Tuesday, June 5, 2012

Activating our imaginations to understand our political opposites

I have been focusing on trying to understand the political tribes in America - what they believe and why.  More to the point, I am trying to see the goodness and morality that each tribe represents.  I think that one of the biggest toxins in America today is the inability of those in each tribe to be able to use their imaginations and see the goodness in the people of the other tribe. 

I just finished a very insightful book on this issue:  "The Righteous Mind:  Why Good People are Divided by Politics and Religion" by Dr. Jonathan Haidt, moral psychologist at the University of Virginia. 

His basic presentation is that liberals, conservatives, and libertarians each view the world in the light of six moral yardsticks:
  1. Care/harm - the ability to empathize with the pain of others, to care, and react to react against those who do harm to others;
  2. Fairness/cheating - wanting things to be fair, and react against those who cheat;
  3. Liberty/oppression - wanting liberty, and react against oppression;
  4. Loyalty/betrayal - wanting loyalty to your own "tribe", and reacting against those who betray it;
  5. Authority/subversion - wanting to honor authority, and reacting against those who subvert it;
  6. Sanctity/degradation - wanting to live in a world that is sanctified and pure in a spiritual sense, and reacting against the degradation of life and the spirituality of the world.
An interesting side note is that to liberals, the fairness/cheating yardstick is about equality, whereas to conservatives it is about proportionality - i.e. people should be rewarded in proportion to their contribution, even if it produces unequal outcomes.

One of his basic points is that our sense of right and wrong is not based upon our rational, explaining mind, but rather is based upon our subconscious, unconscious, intuitive mind.  We can consciously make changes, but our psychologies that infuence our morals are deep and usually unexamined.  And, more to the point, our judgments of others' morality is instinctive, intuitional, and not based upon our rationality.  It is a gut reaction to those who disagree with us as being immoral.  This is the toxin in today's political climate, in my opinion.

Another point that he makes is that the tribes cannot change each other's points of view by combatting them.  It takes empathy and human connection to be able to get past the rational part of the mind which functions as a rationalizer of our moral commitments.  Once we can see each other as real people that we can identify with on basic human terms, we can start to see the goodness in the moral values that they hold, even though they are different than our own. 

He cautions against "confirmatory thought" which just confirms and justifies our own moral view of the world, and encourages "exploratory thought" which explores other points of view.  When we want to confirm a belief, we ask ourselves if we "can" believe it, and the answer is almost always yes.  When we want to discredit someone else's belief, we ask if we "must" believe it, and the answer is almost always no.  So, we just live inside the bubble of our own tribes, judging others as evil who must be destroyed.  Such is the nature of our political world today.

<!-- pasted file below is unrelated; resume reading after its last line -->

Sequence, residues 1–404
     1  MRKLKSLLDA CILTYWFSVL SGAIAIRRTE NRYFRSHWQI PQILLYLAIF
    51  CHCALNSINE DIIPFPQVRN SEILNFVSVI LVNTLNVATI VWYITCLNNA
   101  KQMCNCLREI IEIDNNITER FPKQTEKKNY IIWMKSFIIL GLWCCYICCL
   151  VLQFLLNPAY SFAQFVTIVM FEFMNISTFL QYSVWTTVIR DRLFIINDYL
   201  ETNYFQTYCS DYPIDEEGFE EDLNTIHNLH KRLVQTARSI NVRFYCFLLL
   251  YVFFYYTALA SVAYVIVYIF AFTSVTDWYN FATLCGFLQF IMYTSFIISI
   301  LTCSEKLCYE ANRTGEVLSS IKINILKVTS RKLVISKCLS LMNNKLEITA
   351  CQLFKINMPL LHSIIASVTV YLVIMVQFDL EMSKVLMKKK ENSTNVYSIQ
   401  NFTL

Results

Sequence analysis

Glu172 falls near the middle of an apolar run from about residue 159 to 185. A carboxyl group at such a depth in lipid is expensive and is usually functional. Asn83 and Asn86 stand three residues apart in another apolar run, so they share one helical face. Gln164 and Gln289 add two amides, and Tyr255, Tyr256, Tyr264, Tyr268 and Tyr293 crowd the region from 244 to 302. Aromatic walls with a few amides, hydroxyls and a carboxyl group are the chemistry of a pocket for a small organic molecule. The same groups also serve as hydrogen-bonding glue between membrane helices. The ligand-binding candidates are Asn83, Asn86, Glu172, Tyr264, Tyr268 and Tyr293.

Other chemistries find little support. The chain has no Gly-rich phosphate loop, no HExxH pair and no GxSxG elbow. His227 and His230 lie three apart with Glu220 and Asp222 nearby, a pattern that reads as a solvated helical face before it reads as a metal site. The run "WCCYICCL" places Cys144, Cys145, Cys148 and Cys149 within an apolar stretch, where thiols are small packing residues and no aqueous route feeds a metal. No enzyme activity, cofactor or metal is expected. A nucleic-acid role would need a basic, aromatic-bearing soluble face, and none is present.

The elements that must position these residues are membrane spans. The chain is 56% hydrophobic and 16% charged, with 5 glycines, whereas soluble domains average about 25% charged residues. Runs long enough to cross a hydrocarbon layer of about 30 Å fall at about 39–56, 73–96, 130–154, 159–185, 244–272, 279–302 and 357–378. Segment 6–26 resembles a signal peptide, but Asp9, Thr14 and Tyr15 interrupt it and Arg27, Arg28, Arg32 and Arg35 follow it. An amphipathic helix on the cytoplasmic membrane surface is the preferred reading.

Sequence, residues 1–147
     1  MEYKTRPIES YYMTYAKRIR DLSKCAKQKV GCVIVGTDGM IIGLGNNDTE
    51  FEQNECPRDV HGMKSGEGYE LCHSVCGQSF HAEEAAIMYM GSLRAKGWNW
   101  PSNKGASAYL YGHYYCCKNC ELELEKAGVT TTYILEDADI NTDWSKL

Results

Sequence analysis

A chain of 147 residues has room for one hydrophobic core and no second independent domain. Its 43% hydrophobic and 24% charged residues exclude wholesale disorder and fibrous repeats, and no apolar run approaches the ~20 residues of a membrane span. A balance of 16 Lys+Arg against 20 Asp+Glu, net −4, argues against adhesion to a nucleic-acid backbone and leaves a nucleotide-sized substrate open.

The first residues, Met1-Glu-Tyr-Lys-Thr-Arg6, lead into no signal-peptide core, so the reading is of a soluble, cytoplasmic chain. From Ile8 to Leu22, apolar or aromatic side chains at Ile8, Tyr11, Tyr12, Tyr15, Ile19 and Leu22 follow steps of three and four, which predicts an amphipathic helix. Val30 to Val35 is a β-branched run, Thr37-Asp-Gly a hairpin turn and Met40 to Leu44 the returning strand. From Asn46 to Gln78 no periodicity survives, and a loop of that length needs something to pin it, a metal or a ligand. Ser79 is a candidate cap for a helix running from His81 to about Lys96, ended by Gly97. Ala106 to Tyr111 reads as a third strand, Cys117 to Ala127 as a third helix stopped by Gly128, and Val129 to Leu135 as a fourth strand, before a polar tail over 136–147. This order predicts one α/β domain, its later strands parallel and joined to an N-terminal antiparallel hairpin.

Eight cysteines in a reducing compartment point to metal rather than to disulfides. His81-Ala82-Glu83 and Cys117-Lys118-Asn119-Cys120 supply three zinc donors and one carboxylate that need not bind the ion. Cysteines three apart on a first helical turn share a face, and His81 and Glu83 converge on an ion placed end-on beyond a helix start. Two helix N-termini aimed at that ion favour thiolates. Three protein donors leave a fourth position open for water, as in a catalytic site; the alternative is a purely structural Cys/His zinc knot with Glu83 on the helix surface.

As to how this works in our political thinking, he demonstrates, through experimentation, that Liberals focus almost exclusively on the Caring and Fairness (equality fairness) values; Libertarians focus almost exclusively on the Liberty value; and conservatives focus fairly evenly on all six of the moral values.  Dr. Haidt started his journey into the study of moral psychology as a liberal trying to find ways for liberals to persuade conservatives.  He ended up having a much greater respect for conservatives, much to his surprise apparently, and became more conservative himself as he recognized the value of the yardsticks other than just caring and fairness/equality.

Haidt concludes by chosing positive contributions to society by both liberals and conservatives that he thinks can be a starting point to help understanding. 

He sees two indisputable contributions from liberals:
  1. Governments can and should restrain corporate superorganisms, who would otherwise operate only in the interest of profit and have no incentive to care about their impacts on people or society;
  2. Some problems really can be solved by regulation, for example the defiling of the environment or harming the health of people.
He sees an indisputable contributions from libertarians:
  1. Markets are miraculous, and they set prices, establish efficiencies, and foster creativity and innovation that a controlled, planned economy never can.
He sees an indisputable contribution from conservatives:
  1. You can't help the bees by destroying the hive, i.e. by weakening cohesive groups you destroy the moral capital that binds them and the people withing them are diminished.
By respecting each other's moral values, by respecting each other's human value, we can differ with each other without demonizing each other, and we can create  political climate that is not kill or be killed, but rather is one that allows and encourages disagreement that can lead to negotiation, compromise, and a functional political system that is not stuck in the gridlock of extremist ideologies bent on the destruction of The Other, who is Evil